The Rocky Mountain Division held its 29th annual meeting in the Hotel Santa Fe in downtown Santa Fe. The longed-for monsoons arrived in New Mexico slightly early this year (after two years of non-soons), and so we enjoyed clear Apollonian mornings followed by Dionysian thunderstorms in the afternoons. The Saturday evening reception was well attended, and folks seemed to thoroughly enjoy the new venue and surrounding railroad district. The dropping away of those whose papers were accepted but whose travel funds were cut remains a problem. However, we are up from last year’s count of 18 presented papers to 27 (not including the two keynotes) this year, which is an increase of 50%.
This summer marked the first year in the three-year terms of Division President James W. Mock and Division Vice-President Allison Hagerman. This year’s business meeting was brief. We had a unanimous vote to establish a five-year contract with our new conference venue, Hotel Santa Fe, and another unanimous vote to invite students and faculty from local colleges and universities to attend the keynote speaker addresses. The spacious conference rooms and amenities at the Hotel Santa Fe allow room for an increase in participants in the coming years.
The twenty-seven presentations reflect the long-standing interdisciplinary focus of the division: “Persons and Collingwood’s Account Revisited,” by Spencer K. Wertz; “Wit as an Aesthetic Property,” by Eva M. Dadlez; “Ploughing the Same Field’: The Friendship of Robert Coles and Walker Percy,” by Lawrence Rhu; “Is British Romanticism Alive and Well and Living in Taos? John Nichols Writes on the Environment,” by Michael Manson; “Fugue & Sonata: Heidegger, Nietzsche, & Hӧldelrin,” by Gabrelle Saurage; “Entertainment is not Art: A Pragmatist Defense of an Aesthetic Distinction,” by David Hildebrand; “Aesthetic Defenses of Civil Liberties in Philosophical Accounts of Three Historical Novels,” by Norman Arthur Fischer; “Fascism and Ecology: From Nazi Ecology to Environmentalism in Contemporary Literature,” by George Moore; “Jane Ellen Harrison’s Critique of Spirit: A Cultural Phenomenology,” by Sarah Woolwine; “Figure, painting, and Integrity in Merleau-Ponty,” by Daniel Guentchev; “Gadamer’s Play and Seriousness in the Aesthetic of Braid,” by Tad Bratkowski; “The Territoriality of Art: Gilles Deleuze, Hakim Bey, and Herman Melville,” by John Samson; “Elegance in Japan,” by B. Sandrisser; “Framing the Digital: Revisiting Perennial Issues,” by Raphael Sassower; “Sports and Religious Images in American Culture,” by Jeffrey Scholes; “The Unlikeliest Sublime: Unbounded Male and Female Light in Still Life Paintings,” by Patrick McKee; “A Defense of the Picturesque,” by Roger Paden; “Propaganda Power of Protest Songs,” by Sheryl Tuttle Ross; “The Ugly Americans: Gestures and Social Practice in the Work of Allora & Calzadilla,” by Emily Putnam; “Retablos and Folk Icons: An Aesthetic Study of Native Universals,” by Cornelia A. Tsakiridou; “Some Ideas about ideas and the Idea Idea,” by Wesley D. Cray; “Atlantic Shorelines and the ‘Sea-sounding Speech,’” by Tammy Armstrong; “The Question Concerning Photography: Heidegger and Cavell,” by Pioter Shmugliakov; “Affirming the Rational and Irrational Dimensions of the Judgment of Taste: Towards the Incorporation of the Cognitivist Theory into the Aesthetics Discourse,” by Arthur Bravo; “Danto, Hegel and Kant on Beauty and the Sublime,” by Jon M. Mikkelsen; “David Hume and Limitations on the Association of ideas in ‘Of the Standard of Taste,’” by James W. Mock; and “Artworlds, False Theories, and Shakespeare’s Julius Caesar,” by David Conter.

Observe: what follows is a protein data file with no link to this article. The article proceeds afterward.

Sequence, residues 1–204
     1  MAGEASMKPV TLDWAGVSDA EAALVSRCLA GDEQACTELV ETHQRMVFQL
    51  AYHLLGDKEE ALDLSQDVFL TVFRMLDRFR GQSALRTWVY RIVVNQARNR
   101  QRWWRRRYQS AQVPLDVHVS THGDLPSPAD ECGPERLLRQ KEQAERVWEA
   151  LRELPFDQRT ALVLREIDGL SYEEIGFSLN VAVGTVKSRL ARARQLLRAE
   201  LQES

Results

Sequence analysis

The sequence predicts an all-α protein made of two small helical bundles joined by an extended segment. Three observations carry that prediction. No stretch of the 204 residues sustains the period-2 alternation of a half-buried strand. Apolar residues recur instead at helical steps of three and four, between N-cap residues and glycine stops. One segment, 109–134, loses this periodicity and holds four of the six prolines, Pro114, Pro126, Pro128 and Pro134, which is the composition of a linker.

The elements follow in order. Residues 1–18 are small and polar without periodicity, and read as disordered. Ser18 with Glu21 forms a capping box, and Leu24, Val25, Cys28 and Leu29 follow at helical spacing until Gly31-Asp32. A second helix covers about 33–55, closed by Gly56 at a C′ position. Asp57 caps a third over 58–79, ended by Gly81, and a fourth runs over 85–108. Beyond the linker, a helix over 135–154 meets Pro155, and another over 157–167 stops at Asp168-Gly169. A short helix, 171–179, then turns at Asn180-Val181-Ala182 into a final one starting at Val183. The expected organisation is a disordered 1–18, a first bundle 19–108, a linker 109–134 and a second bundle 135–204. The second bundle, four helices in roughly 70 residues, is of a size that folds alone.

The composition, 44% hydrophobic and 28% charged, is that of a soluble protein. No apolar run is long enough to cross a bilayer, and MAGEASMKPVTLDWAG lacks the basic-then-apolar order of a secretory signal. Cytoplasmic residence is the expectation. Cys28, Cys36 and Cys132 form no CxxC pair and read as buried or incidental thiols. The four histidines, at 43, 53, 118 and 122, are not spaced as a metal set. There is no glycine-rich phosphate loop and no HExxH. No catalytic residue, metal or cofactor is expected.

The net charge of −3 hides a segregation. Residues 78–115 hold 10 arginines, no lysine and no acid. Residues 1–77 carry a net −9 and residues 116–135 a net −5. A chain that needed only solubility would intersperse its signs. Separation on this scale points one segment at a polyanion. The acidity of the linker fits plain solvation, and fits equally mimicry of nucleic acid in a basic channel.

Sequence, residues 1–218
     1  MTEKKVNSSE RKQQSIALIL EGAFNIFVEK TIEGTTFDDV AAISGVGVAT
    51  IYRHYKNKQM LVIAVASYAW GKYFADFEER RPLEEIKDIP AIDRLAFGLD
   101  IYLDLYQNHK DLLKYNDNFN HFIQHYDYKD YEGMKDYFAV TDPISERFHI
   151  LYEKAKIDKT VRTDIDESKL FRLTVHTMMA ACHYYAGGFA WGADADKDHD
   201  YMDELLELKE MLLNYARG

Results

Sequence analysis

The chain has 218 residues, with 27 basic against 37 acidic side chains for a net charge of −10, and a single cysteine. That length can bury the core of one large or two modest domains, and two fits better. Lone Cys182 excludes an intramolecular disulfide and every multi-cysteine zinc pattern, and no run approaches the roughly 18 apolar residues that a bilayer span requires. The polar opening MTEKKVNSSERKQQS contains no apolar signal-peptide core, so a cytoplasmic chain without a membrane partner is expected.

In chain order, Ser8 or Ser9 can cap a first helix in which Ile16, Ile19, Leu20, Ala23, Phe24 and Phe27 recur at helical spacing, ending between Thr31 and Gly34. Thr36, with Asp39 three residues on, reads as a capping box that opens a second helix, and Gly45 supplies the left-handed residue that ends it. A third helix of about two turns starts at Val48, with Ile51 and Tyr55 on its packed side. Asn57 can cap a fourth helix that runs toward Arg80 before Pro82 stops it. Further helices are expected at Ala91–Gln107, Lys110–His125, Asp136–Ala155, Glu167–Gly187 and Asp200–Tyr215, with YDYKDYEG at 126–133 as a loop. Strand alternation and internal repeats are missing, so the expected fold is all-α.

The session chairs managed the timing of presentations and discussions with uniform excellence and grace. We offer sincere thanks to all of them: James W. Mock, Elizabeth Graham, Jon M. Mikkelsen, Lawrence Rhu, Pamela Washington, Patrick McKee, Spencer K. Wertz, Eva M. Dadlez, Raphael Sassower, and Gabrelle Saurage. Special thanks is owed to Robin Jones, Executive Director of Cornerstones Community Partnerships in Santa Fe, and to the University of Central Oklahoma Office of Information Technology, for the loan of their digital projectors.
The Friday afternoon Manuel Davenport Keynote Address, “On Being Stereo-blind in an Era of 3D Movies,” was presented by Dr. Cynthia Freeland of the University of Houston. The Saturday afternoon Artist at Work presentation was by McCreery Jordan, McCreery Jordan Studio, Santa Fe.